Psychology News – A study reinforces the already-confirmed link between psychological distress and the development of viral infections in the context of COVID-19. It revealed that people with elevated psychological distress are associated with numerologically greater and more severe symptomatic experiences of SARS-CoV-2.
The COVID-19 pandemic reinforced increased social isolation and negatively impacted psychological well-being. A study conducted at the University of Nottingham revealed that people who experienced elevated psychological distress in the early months of the pandemic were significantly associated with greater risks of contacting and/or experiencing COVID-19 symptoms. In fact, the reported symptomatic experience of SARS-CoV-2 was noted for its variety and severity.
In the UK, 1087 participants, as part of a longitudinal prospective observational cohort study, completed validated measures of psychological well-being during April 2020. They self-reported incidence of COVID-19 infection and symptom experience across the pandemic through to December 2020. The study used regression models to explore relationships in demographic, psychological, and occupational factors. In this study, psychological distress was operationalized as a constellation of increased stress, anxiety, depression, and low levels of positive mood.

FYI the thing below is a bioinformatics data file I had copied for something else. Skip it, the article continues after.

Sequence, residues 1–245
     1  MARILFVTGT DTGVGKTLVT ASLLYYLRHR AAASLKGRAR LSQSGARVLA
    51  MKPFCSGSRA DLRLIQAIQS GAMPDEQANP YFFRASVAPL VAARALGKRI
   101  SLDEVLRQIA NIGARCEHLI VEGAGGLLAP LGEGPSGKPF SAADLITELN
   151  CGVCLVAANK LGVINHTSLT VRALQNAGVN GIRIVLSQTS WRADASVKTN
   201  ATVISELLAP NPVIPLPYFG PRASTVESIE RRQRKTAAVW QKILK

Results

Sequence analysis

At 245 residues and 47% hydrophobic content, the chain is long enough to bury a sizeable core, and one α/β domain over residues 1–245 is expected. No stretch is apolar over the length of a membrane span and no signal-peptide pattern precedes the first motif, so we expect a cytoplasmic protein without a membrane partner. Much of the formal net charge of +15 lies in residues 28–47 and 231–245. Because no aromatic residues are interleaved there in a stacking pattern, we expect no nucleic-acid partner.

The findings, published in Annals of Behavioral Medicine, confirmed the irrefutable ‘vulnerability’ link between psychological distress and the development of viral infections—in this case, SARS-CoV-2. The research contributed to the debate around the mental health aspects of the pandemic. The researchers looked to further investigation into the influence of psychological well-being on the effectiveness of COVID-19 vaccines. With the success of such vaccines playing a critical role in the route out of the pandemic, understanding the role of psychological factors in vaccine effectiveness and the potential for psychological interventions to enhance effectiveness could be important areas for future research.
Professor Kavita Vedhara, of the School of Medicine at the University of Nottingham, led the study—along with colleagues from King’s College London and the University of Auckland in New Zealand. She said, “Further work is now needed to determine whether and how public health policy should change to accommodate the fact that the most distressed people in our communities appear to be at greatest risk of Covid-19 infection.”
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Ayling, K., Jia, R., Coupland, C., Chalder, T., Massey, A., Broadbent, E., & Vedhara, K. (2022). Psychological predictors of self-reported COVID-19 outcomes: Results from a prospective cohort study. OUP Academic. https://academic.oup.com/abm/advance-article/doi/10.1093/abm/kaab106/6494327